email@example.com Ransomware looks like a new variant of CryptConsole V3 Ransomware. Specialists say that it does not differ much from the previous version. The main difference between them is that firstname.lastname@example.org Ransomware users a different email. A thorough analysis has confirmed that this infection tries to extract money from users too – it encrypts files on affected computers right away and then demands a ransom. Sadly, files are encrypted using the AES encryption algorithm, so we cannot promise that you could get them back without the decryptor (only cyber criminals have it). Of course, it can be purchased from them, but, to tell you the truth, it does not seem like a good idea knowing that the author of this threat can make up his/her mind and not provide the promised decryption tool. Also, there are no guarantees that it will work as it should. There is a way to get files back in such a case. Your options are limited, but there is still a way to get files back. Restoring files from a backup is what you need to do.
email@example.com Ransomware always opens a command prompt once executed, so we are sure you can recall easily when this threat started working on your system for the first time. Unlike a bunch of similar threats categorized as ransomware, it stops encrypting files immediately once this window is closed, so if you have launched the ransomware infection and already see the command prompt window, close it as soon as possible. Once the window is closed, firstname.lastname@example.org Ransomware not only stops encrypting files on the affected computer, but also deletes itself. As a consequence, it should not be too hard to erase this infection from the system. 99% of all ransomware infections available lock users’ personal files so that they could obtain money from them, but there is no doubt that email@example.com Ransomware is the threat that has slithered onto your computer if your files’ names have been changed into a random sequence of letters and numbers, for example, 4449952E6C6E6B. What else shows that firstname.lastname@example.org Ransomware is the one that has encrypted your data is a file – README.txt – that is dropped on the system right after the encryption takes place. In fact, some other ransomware infections drop a ransom note named the same, but if you can locate this file, and your files have been renamed, it must be email@example.com Ransomware.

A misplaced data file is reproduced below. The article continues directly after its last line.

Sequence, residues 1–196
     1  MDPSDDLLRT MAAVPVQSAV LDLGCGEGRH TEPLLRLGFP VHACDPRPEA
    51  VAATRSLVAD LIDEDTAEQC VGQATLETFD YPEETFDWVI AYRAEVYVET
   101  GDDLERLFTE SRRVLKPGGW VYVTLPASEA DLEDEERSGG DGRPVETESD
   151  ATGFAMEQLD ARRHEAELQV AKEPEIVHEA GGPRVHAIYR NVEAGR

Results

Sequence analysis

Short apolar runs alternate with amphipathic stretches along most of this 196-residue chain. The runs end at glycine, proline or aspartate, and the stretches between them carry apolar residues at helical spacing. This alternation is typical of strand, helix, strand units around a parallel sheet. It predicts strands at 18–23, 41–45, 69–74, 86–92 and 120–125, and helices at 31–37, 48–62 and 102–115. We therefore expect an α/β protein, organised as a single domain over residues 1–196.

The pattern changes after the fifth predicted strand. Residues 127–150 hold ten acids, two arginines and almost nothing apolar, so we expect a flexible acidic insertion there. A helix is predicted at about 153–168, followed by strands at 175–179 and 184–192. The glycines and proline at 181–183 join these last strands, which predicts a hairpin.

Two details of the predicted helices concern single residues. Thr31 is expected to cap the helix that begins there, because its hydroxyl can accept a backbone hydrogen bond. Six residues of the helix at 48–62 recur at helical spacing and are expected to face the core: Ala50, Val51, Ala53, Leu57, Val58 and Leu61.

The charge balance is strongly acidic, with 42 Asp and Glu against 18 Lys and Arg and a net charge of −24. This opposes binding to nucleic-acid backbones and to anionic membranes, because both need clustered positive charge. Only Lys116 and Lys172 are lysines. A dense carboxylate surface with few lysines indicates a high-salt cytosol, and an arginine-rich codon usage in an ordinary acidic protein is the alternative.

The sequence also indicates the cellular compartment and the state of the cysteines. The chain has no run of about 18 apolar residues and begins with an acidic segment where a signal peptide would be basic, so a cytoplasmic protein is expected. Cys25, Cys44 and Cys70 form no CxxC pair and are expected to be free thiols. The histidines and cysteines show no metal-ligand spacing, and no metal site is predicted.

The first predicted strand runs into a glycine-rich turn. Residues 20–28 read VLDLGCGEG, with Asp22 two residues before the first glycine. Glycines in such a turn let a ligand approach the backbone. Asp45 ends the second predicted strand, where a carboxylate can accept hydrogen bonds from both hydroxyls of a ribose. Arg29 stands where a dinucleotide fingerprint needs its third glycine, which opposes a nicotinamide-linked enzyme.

If you open the ransom note dropped, you will find out that files can only be unlocked with an automated file decryptor. Cyber criminals will unlock one file for you for free to show you that they can do that, but you will be asked to pay money for the decryption of all other encrypted files. It is up to you whether or not to send money to the malicious software developer, but we would not do that if we were you. There are two different reasons we say so. First, there are no guarantees that the decryptor will be given to you even if you do as instructed, i.e. send money in exchange for decryption software. Second, it would be very naïve to expect that cyber criminals will change their career and start doing something more legal. It is more likely that they will release new threats in the near future to steal more money from users.
Our specialists suspect that firstname.lastname@example.org Ransomware is also distributed via emails primarily, so do not open attachments from random emails. You should also stop downloading files from dubious websites. Last but not least, keep your system clean because if one malware successfully enters your PC, it might help other threats to infiltrate your computer illegally. It is not a problem if you do not know much about malicious software – you will not encounter any new infections if you keep powerful security software installed.
You will remove email@example.com Ransomware without any problems if you follow our manual removal guide. It can be found below this article. As you can see, you will have to erase only two files from your computer: README.txt and the malicious file you have launched.